For two decades, workers at Lockheed Martin's plant in Fort Worth, Texas, built F-16 Falcon fighters that could shoot down MiGs deployed by the Soviet Union and its allies in central Europe. But last week Hungary, Poland and the Czech Republic were invited to become NATO allies. Now, Lockheed Martin is scrambling to sell the same F-16s to old enemies in central Europe. The potential payoff - billions of dollars in fighter sales. Lockheed has signed cooperative agreements with industry in the region, opened offices to communicate with officials in government and business, and sent its chairman, Norman Augustine, on a tour of Hungary, Poland, the Czech Republic, Romania and Slovenia to advance the company's name and image.
ENTERTAINMENT
October 25, 1996 | By Michael Klein, INQUIRER STAFF WRITER
Wherever you are, whether you're walking in the canyons of Center City or ambling through a cornfield in the country, you look up when you hear the whir of a helicopter. There's something urgent about them, something that screams "Stat!" - especially when you need to touch down on a few square feet of macadam, or on a hospital roof on a rain-swept evening. The Philadelphia area was crucial in the development of the helicopter more than half a century ago, with Piasecki Helicopter (later Boeing Helicopter)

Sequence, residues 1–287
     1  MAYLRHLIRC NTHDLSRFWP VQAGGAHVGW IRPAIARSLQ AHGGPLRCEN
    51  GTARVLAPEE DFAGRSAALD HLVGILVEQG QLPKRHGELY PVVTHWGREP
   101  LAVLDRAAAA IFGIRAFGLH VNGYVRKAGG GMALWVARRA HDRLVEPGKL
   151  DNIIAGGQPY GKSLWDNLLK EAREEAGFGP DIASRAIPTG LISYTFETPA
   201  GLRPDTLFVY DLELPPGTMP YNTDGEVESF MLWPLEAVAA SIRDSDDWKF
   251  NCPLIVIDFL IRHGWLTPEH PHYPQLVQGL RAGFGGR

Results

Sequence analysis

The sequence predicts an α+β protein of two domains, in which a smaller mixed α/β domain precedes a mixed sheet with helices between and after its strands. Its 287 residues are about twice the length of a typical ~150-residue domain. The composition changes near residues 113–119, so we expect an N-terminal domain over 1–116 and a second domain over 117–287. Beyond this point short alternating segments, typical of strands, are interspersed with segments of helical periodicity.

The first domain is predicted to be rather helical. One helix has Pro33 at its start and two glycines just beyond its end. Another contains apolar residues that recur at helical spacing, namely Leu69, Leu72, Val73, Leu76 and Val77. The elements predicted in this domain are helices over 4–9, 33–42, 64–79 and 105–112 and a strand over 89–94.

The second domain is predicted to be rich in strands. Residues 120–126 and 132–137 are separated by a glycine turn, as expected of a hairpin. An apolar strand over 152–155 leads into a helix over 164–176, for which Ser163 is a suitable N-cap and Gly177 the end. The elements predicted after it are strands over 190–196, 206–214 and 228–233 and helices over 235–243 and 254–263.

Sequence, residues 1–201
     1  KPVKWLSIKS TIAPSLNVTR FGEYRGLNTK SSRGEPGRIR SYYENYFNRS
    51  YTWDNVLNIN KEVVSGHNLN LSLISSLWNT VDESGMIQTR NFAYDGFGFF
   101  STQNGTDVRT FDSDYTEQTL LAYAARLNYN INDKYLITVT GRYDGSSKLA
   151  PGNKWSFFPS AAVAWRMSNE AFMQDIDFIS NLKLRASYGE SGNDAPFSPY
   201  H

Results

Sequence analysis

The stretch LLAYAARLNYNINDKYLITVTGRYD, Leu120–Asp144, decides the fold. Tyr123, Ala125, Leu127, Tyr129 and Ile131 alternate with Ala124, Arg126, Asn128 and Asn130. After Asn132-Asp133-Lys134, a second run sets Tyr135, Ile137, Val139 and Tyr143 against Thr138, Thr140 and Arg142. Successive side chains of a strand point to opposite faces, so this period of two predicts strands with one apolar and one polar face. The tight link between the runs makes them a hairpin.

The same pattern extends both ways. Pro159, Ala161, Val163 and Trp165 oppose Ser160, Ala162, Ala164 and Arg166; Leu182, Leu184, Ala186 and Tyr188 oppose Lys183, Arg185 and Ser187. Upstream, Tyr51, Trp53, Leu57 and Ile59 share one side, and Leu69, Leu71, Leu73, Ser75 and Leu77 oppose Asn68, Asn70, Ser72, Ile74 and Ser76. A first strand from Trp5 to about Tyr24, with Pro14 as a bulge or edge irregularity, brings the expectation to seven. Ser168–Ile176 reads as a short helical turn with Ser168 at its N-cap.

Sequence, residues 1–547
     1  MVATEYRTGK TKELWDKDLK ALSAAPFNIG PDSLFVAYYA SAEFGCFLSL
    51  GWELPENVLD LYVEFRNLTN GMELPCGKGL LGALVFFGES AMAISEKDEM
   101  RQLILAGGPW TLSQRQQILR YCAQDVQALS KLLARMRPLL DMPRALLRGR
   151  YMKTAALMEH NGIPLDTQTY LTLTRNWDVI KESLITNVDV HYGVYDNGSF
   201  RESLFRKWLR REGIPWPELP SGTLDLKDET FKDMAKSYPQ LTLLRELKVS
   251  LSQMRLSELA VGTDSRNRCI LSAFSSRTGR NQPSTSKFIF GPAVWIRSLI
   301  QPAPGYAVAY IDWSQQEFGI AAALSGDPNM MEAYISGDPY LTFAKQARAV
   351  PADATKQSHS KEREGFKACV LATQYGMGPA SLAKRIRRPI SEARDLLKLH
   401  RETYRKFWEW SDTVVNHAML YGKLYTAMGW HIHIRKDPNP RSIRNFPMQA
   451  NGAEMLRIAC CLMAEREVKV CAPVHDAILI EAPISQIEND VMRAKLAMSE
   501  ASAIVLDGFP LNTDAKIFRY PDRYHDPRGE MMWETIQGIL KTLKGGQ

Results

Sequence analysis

NEWS
August 22, 1995 | By Dave Urbanski, INQUIRER CORRESPONDENT
Michael D. Hamilton, 53, a pioneer in motion-picture computer-based optical effects who worked on all the Star Trek films, has died of amyotrophic lateral sclerosis - Lou Gehrig's disease. Mr. Hamilton, a Willingboro resident, died Wednesday at Rancocas Hospital in Willingboro. He was found to have the incurable disease 14 years ago. The president of Image Galaxy International and Graphic Effects Unlimited, both in New York City, Mr. Hamilton designed groundbreaking computer hardware and software for some of the film industry's most innovative optical effects, including the new liquid film gate, which repairs scratches on film surfaces, and the additive head lamp, which uses a prism computer effect for more accurate color.
NEWS
July 3, 1995 | By Walter F. Roche Jr., INQUIRER STAFF WRITER
Sometimes saving a few bucks can be costly . . . like a few million dollars costly. That's just what appears to have happened with bids submitted to Philadelphia city officials last week for the purchase of helicopters for the Police Department. A bid submitted by Bell Helicopter has been thrown out, according to Procurement Commissioner Louis Applebaum, because a $200 deposit check submitted with the bid was not certified, but written on a regular company bank account. Applebaum said that because the bid specifications clearly stated that a certified check was required, city officials had no choice but to throw out the bid for a contract that could be valued at approximately $4.5 million.
NEWS
July 1, 1995 | by Mark McDonald, Daily News Staff Writer
The Rendell administration yesterday decided to postpone a decision on awarding a contract for police helicopters the city wants to use to track suspects and reduce car chases. The apparent low bidder for the two or three helicopters, American Eurocopter Corp. with a $1,445,000 bid per helicopter, proposed to build the choppers in France, which required a recalculation of the bid under state law. The recalculation made them the high bidder, according to David L. Cohen, Mayor Rendell's chief of staff.